Official blog for the book "Just Behind the Door"

Posts tagged ‘dependency’

Are You a ‘Fixer in Charge?’

Lending a hand, occasionally, to help others in time of need is important. After all, we find joy and reward in knowing that we have been instrumental in helping someone through a crisis. As with everything in life the ultimate issue is one of balance. At some point we might have to evaluate our efforts and decide how much time or emotional and financial support we are offering. Is it still enabling them to grow and become all they can be or has our involvement become so frequent that they now rely on us to solve their next problem or guide their next step. It’s so hard for givers to accept the reality that it may be time to back off and let someone that they care for experience the stress and challenge of their own circumstance. But when we are strong enough to stop ‘fixing’ we’ll see them experience the ultimate pride and self confidence that comes from wrestling with and overcoming their latest issue.

Life is tough and each of us has had to face a boat load of challenges and uncertainties. Some may have temporarily stopped us in our tracks. What caused us to persevere and learn resiliency in the process? Could it have been that help was no longer available or we chose to work it out ourselves by thinking ‘if it’s going to be it’s up to me?’

As givers we feel good inside when we see relief spread over the face of an individual we care about. Yet, we really do know intuitively when we are contributing to a person’s growth and when we have morphed into the role of an emotional or financial crutch. When we are brutally honest with ourselves we can admit when our ‘hand up’ has become a pattern or been reduced to simply a ‘hand out.’ It may be easier to say ‘Yes’ yet much more powerful to accept it when it is time to say ‘Enough.’

Maybe the lesson in all of this is actually ours. After all you can’t blame someone for continuing to ask or rely on you if you have established the pattern of being the ‘fixer in charge.’ We may even try to trick ourselves into believing that ‘they didn’t actually ask but we simply offered.’ Really? There are a multitude of ways to ask without verbalizing it. Taken to an extreme we may even justify our help by saying we have more or we can work harder to help ‘this time.’ But maybe – just maybe – we are unwittingly eroding their belief in themselves and causing them to become dependent on us.

Could it be that true love and caring for another is shown when we recognize if a defeating behavioral habit has been established and are strong enough to stop being complicit? It’s hard to break this habit of being there, continual giving or even rescuing someone we care about yet don’t we owe it to them?

Ultimate caring results when we are presented with an issue by someone we care about and rather than jumping in to fix it we ask them, simply and gently, ‘What is your plan?’ We show them that we have confidence in their ability to overcome. That’s heady stuff! Don’t expect to be able to do this the first time without feeling guilty. Breaking the habit of being the ‘fixer in charge’ is difficult. We may even wonder if they will ultimately hold it against us. That’s always a risk but if you love them – truly love them – set them free to experience their own trials and tribulations in life. If they come back to you it will be with a new found pride of accomplishment and resiliency in themselves that will last a lifetime.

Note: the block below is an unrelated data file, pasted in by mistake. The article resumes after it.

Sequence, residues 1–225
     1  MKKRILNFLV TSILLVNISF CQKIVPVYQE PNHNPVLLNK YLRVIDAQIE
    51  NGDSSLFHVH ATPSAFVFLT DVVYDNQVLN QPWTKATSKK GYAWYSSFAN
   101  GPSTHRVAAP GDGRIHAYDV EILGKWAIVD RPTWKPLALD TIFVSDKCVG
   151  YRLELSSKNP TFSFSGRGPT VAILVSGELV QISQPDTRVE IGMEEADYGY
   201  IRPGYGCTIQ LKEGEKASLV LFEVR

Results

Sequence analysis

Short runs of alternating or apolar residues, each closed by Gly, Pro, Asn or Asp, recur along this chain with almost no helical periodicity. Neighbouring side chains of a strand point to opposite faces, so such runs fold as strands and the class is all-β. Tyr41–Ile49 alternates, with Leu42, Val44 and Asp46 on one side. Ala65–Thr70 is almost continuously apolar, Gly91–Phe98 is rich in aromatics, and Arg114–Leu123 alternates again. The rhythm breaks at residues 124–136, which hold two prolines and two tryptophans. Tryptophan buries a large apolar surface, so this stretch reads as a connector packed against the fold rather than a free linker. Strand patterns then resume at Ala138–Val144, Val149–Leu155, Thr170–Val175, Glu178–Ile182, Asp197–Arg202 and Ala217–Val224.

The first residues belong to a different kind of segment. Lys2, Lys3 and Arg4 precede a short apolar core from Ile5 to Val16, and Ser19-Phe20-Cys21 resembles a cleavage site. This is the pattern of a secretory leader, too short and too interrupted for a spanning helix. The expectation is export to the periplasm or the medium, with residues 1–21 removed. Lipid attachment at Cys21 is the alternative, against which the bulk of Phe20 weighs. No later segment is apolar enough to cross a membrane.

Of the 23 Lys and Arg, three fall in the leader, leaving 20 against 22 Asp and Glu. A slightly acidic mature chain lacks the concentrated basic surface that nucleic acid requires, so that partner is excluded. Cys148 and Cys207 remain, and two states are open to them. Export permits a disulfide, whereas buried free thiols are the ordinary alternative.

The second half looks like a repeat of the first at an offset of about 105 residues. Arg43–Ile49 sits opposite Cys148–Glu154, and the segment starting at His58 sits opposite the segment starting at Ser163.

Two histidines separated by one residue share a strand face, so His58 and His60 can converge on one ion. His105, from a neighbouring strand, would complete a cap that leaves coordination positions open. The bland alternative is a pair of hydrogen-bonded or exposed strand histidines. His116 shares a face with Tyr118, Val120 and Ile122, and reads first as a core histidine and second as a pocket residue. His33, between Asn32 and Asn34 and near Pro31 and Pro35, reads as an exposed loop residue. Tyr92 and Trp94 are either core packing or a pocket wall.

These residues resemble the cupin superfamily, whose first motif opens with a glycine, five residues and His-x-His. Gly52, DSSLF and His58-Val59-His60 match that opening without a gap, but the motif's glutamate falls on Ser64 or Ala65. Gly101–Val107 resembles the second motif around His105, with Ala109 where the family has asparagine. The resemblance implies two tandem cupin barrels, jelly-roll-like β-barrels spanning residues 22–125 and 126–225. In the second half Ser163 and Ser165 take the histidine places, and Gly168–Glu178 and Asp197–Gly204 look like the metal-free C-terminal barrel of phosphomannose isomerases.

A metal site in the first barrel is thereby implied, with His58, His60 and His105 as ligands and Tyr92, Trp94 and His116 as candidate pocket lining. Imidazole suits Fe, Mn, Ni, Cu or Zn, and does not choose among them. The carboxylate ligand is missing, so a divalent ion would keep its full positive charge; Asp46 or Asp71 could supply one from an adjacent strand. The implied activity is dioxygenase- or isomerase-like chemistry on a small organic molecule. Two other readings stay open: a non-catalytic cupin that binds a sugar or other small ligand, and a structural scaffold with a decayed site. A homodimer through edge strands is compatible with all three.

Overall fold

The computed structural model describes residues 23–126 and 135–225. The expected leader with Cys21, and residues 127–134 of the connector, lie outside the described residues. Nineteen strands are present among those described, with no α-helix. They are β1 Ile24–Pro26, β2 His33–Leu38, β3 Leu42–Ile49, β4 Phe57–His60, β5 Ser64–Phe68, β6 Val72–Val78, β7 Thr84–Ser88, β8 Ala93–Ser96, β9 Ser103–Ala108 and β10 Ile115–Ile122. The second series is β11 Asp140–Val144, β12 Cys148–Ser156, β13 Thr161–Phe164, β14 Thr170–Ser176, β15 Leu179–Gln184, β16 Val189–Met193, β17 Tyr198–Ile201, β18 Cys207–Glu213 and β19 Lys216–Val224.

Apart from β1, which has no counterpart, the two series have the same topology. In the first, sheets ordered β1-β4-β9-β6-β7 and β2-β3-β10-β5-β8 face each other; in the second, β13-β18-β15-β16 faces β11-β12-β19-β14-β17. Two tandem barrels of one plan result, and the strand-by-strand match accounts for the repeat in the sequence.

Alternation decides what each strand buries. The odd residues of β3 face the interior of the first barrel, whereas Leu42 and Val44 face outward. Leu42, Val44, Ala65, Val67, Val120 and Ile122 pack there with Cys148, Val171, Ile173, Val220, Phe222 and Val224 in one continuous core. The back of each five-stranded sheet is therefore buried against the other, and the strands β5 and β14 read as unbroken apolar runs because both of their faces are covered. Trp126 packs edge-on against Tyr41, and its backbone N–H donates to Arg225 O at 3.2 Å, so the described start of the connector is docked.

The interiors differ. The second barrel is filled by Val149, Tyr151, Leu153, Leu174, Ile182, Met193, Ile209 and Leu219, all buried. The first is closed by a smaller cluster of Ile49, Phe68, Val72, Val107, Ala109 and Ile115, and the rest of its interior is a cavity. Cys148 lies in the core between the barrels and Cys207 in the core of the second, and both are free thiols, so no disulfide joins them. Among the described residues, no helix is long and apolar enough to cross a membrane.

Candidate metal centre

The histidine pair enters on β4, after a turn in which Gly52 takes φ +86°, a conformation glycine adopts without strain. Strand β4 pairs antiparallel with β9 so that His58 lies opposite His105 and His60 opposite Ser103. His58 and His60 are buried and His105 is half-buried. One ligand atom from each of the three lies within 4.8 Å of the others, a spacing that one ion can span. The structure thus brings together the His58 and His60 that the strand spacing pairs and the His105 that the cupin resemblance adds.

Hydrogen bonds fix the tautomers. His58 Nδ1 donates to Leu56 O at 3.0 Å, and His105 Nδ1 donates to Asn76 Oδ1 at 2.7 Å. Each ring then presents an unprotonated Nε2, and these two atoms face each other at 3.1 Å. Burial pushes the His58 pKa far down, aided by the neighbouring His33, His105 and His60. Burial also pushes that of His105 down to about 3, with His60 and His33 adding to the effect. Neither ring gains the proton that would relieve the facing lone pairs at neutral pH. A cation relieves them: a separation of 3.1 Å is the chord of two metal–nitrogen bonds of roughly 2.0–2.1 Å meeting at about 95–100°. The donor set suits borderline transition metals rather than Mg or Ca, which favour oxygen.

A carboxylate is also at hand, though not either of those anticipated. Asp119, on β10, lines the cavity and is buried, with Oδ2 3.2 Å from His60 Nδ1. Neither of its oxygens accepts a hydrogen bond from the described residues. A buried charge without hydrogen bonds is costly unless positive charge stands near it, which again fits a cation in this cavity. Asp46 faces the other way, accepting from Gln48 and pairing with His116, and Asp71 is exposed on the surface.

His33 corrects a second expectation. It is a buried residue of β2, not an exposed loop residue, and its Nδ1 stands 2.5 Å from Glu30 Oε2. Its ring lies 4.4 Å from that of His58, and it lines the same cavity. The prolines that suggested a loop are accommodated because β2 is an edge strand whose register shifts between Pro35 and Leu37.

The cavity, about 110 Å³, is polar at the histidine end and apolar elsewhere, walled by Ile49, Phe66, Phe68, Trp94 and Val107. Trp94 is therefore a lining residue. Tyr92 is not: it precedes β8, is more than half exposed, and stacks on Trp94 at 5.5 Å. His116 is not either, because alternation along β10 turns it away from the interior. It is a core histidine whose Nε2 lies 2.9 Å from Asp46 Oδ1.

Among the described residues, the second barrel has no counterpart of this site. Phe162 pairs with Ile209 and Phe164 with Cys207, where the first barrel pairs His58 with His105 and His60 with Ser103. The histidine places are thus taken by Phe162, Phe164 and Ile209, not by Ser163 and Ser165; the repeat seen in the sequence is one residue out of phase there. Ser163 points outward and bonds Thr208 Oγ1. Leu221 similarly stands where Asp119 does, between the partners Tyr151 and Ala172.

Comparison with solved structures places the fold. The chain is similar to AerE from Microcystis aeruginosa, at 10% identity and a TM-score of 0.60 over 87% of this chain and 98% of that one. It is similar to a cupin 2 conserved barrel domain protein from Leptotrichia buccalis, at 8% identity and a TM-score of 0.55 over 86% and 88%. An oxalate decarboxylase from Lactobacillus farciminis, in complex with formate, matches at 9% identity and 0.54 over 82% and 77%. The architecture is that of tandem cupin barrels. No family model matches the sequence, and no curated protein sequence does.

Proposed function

Letting go of the fixing habit is hard but holding on past an expiration date is not healthy for anyone concerned.

Have a great few days!

Best Friend or Dependency Friend?

Human relationships are so important for us and the relationship between best friends is as the term implies – simply the best. Is it because they always agree with us or compliment us? No. In fact, a best friend is one who may disagree with us at times because they feel confident enough in the friendship to do so. We know, deep down in our hearts, that they only comment because they are concerned. The biggest thing we share with a best friend is our authentic self. We know that they will not judge, cajole or manipulate us into wanting what they want but encourage us to seek our own happiness and spread our wings and fly. Sometimes this means that we move on with our own life and the extreme closeness that we once shared may be altered slightly. Our time and thoughts need to be allocated differently so life as we once knew it with our best friend needs to change to accommodate our own life changes. When we have a best friend we want what is best for them and know that they also want what is best for us – terms and timelines or touch points become less important because our friendship still remains deep.

Sometimes a relationship between best friends can become one of dependency over time. The change happens subtly but we can tell when the relationship becomes more of a need rather than a want basis. When we begin to need to touch base (like many of us need that first cup of coffee in the morning) the relationship has devolved from wanting to talk to needing to talk and it’s time to do a gut check. Is it now a relationship of possessiveness, control, dependency – does the exact word even matter? The change from best friend to dependency friend usually morphs slowly overtime until one day we realize our personal independence or any influence in our lives other than our best friend is either discounted or at least regarded by them as a threat. When a friendship becomes dependent the mere thought of not touching base frequently becomes uncomfortable. Often, abandonment at an early age is the seed that germinates into dependency for one of the two people involved and results in a fear of change, risk or loss. The best friend may then have difficulty adjusting to any change in our relationship with them and may even find a subtle way to cause us to feel guilty by not giving them enough attention. If a dependency friendship exists and one of the parties is making a life change without them they may become more needy, unhappy or even delay making decisions or following through. In reality that is another subtle yet unspoken message that they are ‘just not the same without us.’ Basically, they are not happy having to share us with others. The longer this type of relationship exists the stronger the manipulations get to control our personal space. To them the idea of sharing us with others means, ‘We must not love them best.’ Sound a bit childish? Remember where abandonment starts and it makes sense. They may even become angry, hurt, depressed and question our true feelings about them if they feel threatened by what they see as any loss of control or influence that they have had on us. Sadly, with their choice to become ‘exclusive’ in their friendship with us they are refusing to grow in life and develop additional friends. Overtime they can become cynical and disappointed with life in general. To help them they need to be pushed, ever so gently to get on with their own life as we get on with ours. Purposely reducing the time and attention to them will slowly help the friendship regain a healthier balance.